‘Lenient’ Hong Kong court sentences come with a warning: patience for violent protests has run out

Cliff Buddle says two court decisions this year which freed young protesters have been criticised as too light, but both rulings clearly warn that, in future, demonstrations that end in violence will be dealt with sternly

PUBLISHED : Wednesday, 10 October, 2018, 7:03am
UPDATED : Wednesday, 10 October, 2018, 8:25am

A decision by Hong Kong’s top court last month to free 13 demonstrators jailed for unlawful assembly brought a dramatic tale of two protests to an end. 

It took more than four years for the case, involving a protest in June 2014, to work its way through the court system, with rulings at three different levels. The judgment followed a similar ruling in February concerning another protest that year, involving three prominent young activists, including Joshua Wong Chi-fung.

The legal drama had sparked controversy, with courts coming under fire from either supporters or detractors of the protesters, depending how each judgment was viewed. Some of the comments were highly emotive, and there were even suggestions that Hong Kong’s judicial independence had been compromised.

Now that the two cases are over, there is a need for calm reflection. They reveal the city’s legal system at work, with judgments delivered, precedents reviewed, different factors weighed and sentences pronounced.

It would be easy to think that the Court of Final Appeal took a lenient view by deciding not to send any of the protesters to jail. Last month’s ruling prompted one pro-establishment politician to brand the judges “sinners of society” and “killers of young people” on social media.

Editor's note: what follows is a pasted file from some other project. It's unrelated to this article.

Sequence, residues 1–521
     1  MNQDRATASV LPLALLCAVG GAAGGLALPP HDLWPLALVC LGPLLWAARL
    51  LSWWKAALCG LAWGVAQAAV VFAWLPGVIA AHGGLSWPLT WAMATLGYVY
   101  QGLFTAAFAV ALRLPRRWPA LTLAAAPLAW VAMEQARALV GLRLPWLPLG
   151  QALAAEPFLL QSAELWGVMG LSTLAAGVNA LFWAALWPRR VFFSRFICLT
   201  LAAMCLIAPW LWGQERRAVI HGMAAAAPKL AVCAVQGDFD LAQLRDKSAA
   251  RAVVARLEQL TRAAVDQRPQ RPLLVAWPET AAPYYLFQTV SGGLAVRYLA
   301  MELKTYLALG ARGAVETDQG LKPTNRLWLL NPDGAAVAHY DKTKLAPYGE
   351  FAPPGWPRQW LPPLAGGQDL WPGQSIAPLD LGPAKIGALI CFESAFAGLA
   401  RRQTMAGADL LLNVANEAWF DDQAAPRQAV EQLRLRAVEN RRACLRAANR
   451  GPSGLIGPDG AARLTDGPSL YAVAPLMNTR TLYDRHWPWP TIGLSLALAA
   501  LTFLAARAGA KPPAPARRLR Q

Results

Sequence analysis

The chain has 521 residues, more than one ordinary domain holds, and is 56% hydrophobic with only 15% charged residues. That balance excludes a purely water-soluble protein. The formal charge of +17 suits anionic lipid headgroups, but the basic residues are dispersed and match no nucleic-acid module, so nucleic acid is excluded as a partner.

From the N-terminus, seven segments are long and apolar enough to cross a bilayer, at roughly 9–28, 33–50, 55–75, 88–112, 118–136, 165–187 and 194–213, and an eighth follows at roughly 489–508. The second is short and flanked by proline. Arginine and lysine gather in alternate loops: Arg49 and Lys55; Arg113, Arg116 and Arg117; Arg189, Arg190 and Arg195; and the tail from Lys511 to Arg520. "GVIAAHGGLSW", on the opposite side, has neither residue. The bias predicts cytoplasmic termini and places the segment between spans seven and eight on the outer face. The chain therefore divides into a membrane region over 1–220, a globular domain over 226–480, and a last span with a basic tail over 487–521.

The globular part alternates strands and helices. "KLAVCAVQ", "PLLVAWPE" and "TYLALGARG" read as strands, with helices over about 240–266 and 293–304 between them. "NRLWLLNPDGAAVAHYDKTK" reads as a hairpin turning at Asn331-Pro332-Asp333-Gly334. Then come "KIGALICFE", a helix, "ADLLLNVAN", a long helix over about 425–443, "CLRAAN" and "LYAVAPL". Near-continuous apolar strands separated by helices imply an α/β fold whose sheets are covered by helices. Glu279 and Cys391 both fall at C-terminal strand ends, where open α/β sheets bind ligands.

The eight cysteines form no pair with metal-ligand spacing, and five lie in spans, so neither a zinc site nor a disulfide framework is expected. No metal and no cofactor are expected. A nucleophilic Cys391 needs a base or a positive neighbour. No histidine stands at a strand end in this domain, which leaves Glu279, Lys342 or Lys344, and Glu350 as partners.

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But the significance of the rulings lies not so much in the fate of these 16 protesters, who were dealt with under the law which existed at the time they committed the offences. The legacy of the rulings will be the prospect of much tougher sentences in the future for protests involving disorder or violence.

The judgment in September involved 13 protesters objecting to development work in the New Territories. Hundreds of demonstrators attempted to break into the Legislative Council building in June 2014. The court said bamboo poles and metal bars had been wielded during the protest “with considerable violence”. The police used riot shields and pepper spray to prevent the demonstrators forcing their way in. A security officer suffered broken toes and HK$400,000 worth of damage was done. “It was, on any view, a violent incident,” said the court.

In the light of such findings, it may seem surprising that the demonstrators were released by the court instead of being sent back to prison.

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But the five judges did, in effect, impose prison sentences. The reason the protesters did not return to jail is because they had already served these terms, once deductions were made for good behaviour, before being released on bail ahead of the appeal.

The court found middle ground between the magistrate who had imposed community service orders and the Court of Appeal, which had sent the protesters to jail for up to 13 months. It said the appropriate sentence was a short term of imprisonment. Indeed, this is what the secretary for justice had originally requested of the Court of Appeal.